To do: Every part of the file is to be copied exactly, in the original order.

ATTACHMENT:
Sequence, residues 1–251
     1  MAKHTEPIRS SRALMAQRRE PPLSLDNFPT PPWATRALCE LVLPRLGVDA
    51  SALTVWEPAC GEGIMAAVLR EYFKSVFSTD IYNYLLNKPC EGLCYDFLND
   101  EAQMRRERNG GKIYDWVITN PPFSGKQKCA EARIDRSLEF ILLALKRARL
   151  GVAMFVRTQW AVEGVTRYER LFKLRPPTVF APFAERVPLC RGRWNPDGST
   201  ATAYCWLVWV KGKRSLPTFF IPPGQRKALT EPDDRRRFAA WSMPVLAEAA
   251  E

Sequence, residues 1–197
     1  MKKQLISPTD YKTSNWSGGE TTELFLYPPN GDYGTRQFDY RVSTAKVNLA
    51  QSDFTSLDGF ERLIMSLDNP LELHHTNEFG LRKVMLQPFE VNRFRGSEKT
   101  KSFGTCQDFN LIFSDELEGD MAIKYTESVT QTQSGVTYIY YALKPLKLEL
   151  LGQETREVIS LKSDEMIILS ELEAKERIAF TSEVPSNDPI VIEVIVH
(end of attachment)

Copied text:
Sequence, residues 1–251
     1  MAKHTEPIRS SRALMAQRRE PPLSLDNFPT PPWATRALCE LVLPRLGVDA
    51  SALTVWEPAC GEGIMAAVLR EYFKSVFSTD IYNYLLNKPC EGLCYDFLND
   101  EAQMRRERNG GKIYDWVITN PPFSGKQKCA EARIDRSLEF ILLALKRARL
   151  GVAMFVRTQW AVEGVTRYER LFKLRPPTVF APFAERVPLC RGRWNPDGST
   201  ATAYCWLVWV KGKRSLPTFF IPPGQRKALT EPDDRRRFAA WSMPVLAEAA
   251  E

Sequence, residues 1–197
     1  MKKQLISPTD YKTSNWSGGE TTELFLYPPN GDYGTRQFDY RVSTAKVNLA
    51  QSDFTSLDGF ERLIMSLDNP LELHHTNEFG LRKVMLQPFE VNRFRGSEKT
   101  KSFGTCQDFN LIFSDELEGD MAIKYTESVT QTQSGVTYIY YALKPLKLEL
   151  LGQETREVIS LKSDEMIILS ELEAKERIAF TSEVPSNDPI VIEVIVH